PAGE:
Kaid Benfield Archive


California, Maryland, New Jersey on the right track to curb transportation emissions; other states, not so much

Kaid Benfield

Posted December 15, 2010 at 9:31PM

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  light rail helps save carbon emissions from driving (photo (c) www.istockphoto.com/panolixxim, used with permission)

California, Maryland and New Jersey have the country’s best approaches to reducing greenhouse gas emissions from transportation, according to a comprehensive report released yesterday by some of my colleagues at NRDC.  But most of the country has a lot of catching up to do.

The report, which was two years in the making and was cosponsored by Smart Growth America, studied the transportation programs of all fifty states.  It evaluates each state based on 17 policy and spending criteria that states have authority to implement independent of local or federal action:

  • Infrastructure Policies -- This category evaluates a state's overall policy framework, including how it uses innovative policy tools to improve transportation system efficiency while reducing its climate impact.
  • Investment Decisions -- This category looks at transportation spending.  Do states direct their investment dollars in ways that support and promote low-carbon transportation?  The criteria examine such things as whether a state takes advantage of the programmatic flexibility of federal funds, a familar sight (by: Nic Sedlock, creative commons license)uses state funds to invest in cleaner transportation projects, and maintains its existing assets in a state of good repair.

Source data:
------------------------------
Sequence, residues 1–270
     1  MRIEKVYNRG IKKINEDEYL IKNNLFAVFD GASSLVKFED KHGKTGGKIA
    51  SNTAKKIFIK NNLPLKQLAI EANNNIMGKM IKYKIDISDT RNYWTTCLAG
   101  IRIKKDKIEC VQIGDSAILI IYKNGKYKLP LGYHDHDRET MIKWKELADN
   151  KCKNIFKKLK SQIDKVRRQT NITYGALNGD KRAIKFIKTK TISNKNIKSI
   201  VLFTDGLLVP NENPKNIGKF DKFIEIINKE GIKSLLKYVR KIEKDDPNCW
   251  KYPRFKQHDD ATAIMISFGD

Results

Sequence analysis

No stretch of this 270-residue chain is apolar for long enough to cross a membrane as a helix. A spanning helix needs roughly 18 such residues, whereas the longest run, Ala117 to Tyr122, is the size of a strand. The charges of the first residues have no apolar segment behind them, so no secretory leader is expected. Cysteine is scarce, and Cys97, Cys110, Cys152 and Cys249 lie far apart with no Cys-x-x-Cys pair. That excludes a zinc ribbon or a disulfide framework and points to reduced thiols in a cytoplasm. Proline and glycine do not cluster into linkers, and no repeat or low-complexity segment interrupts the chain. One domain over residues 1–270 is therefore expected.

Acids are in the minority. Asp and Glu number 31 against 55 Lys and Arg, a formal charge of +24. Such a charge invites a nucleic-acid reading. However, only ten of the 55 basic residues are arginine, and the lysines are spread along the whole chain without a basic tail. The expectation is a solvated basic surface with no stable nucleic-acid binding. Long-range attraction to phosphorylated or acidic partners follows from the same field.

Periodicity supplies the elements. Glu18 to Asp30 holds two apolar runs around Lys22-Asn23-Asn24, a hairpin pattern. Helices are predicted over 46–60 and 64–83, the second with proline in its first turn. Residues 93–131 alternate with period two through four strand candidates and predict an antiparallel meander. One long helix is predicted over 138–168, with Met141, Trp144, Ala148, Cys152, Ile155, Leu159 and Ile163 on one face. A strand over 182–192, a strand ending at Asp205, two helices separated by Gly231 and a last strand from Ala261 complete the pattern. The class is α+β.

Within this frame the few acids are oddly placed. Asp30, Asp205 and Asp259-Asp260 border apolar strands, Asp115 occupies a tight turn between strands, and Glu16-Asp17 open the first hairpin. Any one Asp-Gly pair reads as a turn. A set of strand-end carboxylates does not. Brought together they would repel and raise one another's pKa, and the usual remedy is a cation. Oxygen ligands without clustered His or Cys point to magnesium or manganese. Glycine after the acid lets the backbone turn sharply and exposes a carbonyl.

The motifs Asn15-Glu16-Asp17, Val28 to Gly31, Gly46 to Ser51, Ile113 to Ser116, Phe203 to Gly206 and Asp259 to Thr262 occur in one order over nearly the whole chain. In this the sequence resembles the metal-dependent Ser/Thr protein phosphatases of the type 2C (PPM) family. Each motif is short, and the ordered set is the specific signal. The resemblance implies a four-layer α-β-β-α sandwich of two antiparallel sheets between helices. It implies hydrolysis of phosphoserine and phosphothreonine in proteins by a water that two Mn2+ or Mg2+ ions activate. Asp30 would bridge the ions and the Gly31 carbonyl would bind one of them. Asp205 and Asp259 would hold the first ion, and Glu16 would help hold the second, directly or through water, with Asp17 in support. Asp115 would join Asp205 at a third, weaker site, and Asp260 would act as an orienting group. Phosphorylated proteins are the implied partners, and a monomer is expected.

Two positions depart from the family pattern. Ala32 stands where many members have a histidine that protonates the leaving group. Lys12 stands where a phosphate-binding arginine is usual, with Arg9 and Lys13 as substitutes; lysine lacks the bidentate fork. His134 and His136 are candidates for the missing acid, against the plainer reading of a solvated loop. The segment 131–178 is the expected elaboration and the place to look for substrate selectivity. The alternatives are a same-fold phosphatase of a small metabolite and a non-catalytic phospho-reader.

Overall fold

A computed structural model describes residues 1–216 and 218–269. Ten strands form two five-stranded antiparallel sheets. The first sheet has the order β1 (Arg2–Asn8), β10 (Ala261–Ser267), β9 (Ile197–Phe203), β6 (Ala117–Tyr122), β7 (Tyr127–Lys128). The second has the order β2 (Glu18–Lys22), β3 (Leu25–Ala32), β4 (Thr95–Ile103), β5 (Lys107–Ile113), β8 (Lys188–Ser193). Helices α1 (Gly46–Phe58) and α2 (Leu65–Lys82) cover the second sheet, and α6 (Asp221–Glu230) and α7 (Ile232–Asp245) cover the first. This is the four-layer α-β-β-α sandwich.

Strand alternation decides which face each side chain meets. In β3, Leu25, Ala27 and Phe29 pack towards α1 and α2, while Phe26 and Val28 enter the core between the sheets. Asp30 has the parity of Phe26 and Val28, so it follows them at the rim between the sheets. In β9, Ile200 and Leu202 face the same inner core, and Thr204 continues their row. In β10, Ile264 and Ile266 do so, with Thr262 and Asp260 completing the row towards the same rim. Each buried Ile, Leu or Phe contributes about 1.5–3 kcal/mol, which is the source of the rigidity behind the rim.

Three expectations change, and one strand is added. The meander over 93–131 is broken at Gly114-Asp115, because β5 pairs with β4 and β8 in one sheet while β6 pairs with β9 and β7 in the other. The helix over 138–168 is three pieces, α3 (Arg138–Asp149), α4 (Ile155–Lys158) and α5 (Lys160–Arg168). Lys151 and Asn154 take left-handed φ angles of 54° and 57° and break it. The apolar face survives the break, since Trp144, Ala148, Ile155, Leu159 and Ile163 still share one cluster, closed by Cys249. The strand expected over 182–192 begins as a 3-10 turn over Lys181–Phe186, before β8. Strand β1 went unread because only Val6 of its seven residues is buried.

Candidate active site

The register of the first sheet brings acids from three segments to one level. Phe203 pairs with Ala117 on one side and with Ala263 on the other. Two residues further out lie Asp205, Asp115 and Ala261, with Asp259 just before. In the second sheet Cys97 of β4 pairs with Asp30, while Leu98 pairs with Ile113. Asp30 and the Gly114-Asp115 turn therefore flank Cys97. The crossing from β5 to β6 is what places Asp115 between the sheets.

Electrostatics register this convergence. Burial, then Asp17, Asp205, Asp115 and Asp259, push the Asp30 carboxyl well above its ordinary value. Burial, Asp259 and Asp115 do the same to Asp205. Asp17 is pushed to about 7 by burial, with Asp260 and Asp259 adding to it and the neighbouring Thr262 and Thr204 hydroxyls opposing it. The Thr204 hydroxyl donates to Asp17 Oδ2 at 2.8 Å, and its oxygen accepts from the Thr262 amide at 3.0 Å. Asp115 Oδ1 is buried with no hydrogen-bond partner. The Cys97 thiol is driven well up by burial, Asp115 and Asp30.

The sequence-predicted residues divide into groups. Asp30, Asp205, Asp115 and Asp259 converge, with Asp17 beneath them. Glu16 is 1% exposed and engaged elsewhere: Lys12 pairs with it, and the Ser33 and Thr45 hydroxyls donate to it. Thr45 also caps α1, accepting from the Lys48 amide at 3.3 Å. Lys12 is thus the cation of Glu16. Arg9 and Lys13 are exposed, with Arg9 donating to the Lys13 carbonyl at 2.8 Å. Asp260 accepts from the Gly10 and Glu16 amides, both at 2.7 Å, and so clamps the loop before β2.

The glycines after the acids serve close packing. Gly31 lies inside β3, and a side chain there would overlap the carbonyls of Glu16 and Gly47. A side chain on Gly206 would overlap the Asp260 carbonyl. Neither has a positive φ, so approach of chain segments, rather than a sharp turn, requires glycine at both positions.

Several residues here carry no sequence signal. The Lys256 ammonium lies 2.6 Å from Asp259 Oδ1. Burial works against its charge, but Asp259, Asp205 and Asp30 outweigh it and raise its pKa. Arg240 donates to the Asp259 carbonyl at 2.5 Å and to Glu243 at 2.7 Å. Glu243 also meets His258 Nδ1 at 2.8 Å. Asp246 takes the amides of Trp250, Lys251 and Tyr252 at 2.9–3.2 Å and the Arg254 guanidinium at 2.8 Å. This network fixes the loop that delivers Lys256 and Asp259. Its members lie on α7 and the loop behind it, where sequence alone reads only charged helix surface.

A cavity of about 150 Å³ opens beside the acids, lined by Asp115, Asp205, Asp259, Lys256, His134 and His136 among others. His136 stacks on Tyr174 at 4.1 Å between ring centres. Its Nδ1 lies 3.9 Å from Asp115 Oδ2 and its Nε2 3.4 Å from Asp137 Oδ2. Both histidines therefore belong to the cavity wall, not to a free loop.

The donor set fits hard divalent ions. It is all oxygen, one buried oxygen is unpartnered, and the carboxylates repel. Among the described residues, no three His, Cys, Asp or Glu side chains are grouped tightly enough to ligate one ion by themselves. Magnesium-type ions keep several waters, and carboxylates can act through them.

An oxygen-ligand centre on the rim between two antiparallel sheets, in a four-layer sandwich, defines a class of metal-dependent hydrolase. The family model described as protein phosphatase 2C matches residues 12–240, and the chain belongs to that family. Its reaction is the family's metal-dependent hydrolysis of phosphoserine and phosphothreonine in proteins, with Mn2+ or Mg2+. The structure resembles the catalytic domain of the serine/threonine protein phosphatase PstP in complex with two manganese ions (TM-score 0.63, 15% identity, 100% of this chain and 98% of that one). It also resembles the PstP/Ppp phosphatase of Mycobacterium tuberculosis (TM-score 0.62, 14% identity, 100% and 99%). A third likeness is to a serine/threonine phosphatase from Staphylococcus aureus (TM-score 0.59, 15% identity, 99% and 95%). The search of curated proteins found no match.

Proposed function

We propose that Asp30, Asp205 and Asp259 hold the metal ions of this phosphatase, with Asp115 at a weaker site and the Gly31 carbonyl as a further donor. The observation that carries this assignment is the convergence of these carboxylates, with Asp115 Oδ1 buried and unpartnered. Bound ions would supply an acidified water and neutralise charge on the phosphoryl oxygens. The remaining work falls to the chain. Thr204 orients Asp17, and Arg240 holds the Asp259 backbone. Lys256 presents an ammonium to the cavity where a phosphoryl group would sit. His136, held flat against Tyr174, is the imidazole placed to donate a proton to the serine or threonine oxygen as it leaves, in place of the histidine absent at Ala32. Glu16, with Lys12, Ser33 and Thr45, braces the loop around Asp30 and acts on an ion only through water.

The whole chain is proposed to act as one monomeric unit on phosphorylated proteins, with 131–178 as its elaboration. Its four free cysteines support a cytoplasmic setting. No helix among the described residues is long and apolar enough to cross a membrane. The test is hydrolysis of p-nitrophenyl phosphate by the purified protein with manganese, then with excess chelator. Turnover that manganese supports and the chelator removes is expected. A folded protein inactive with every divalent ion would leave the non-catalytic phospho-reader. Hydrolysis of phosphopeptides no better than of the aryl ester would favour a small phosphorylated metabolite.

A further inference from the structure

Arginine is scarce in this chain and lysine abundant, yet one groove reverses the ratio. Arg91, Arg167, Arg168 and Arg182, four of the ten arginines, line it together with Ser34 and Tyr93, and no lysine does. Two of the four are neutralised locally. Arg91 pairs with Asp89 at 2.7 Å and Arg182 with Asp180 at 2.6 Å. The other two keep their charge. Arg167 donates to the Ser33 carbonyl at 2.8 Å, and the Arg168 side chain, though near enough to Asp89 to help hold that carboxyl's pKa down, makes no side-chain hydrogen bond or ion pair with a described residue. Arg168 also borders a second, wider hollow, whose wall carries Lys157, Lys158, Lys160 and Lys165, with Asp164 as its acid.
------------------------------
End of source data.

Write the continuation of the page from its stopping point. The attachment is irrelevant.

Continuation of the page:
• “Touchstone Policies” -- These policies can indicate the depth of a state's commitment to reducing transportation emissions.  For example, a state might establish a target for reducing vehicle miles traveled or adopt ambitious carbon emission standards for vehicles.  Such policies are important indicators of the seriousness of a state’s approach to the problem and, where present, added a bonus in the report’s scoring system.

None of these were pie-in-the-sky factors.  Each criterion considered in the evaluation has been adopted by one or more states.

Taking each of these into account, each state was scored on a 100-point scale.  The states were then grouped into three “tiers” based on the scores, with California, Maryland and New Jersey falling into the best-performing top tier with scores 75 and higher.  Twelve states fell into the bottom tier with scores of 2-24.  The worst-performing states overall were Arkansas (2 points), Mississippi (12), and West Virginia (13).  Arkansas, Nebraska and Wyoming failed to earn any points for policies that reduce transportation carbon emissions.

New Jersey earned the most points for emissions-reducing policies (93; overall score 75), while Rhode Island was the best performer for channeling state investment into projects consistent with reducing carbon.  Connecticut, Washington, Oregon, and Massachusetts were the best-scoring of the middle tier of states.

For more, please visit my colleague Colin Peppard’s blog post on the report.  Colin was a principal author of the study along with Neha Bhatt and Stephanie Potts of Smart Growth America.

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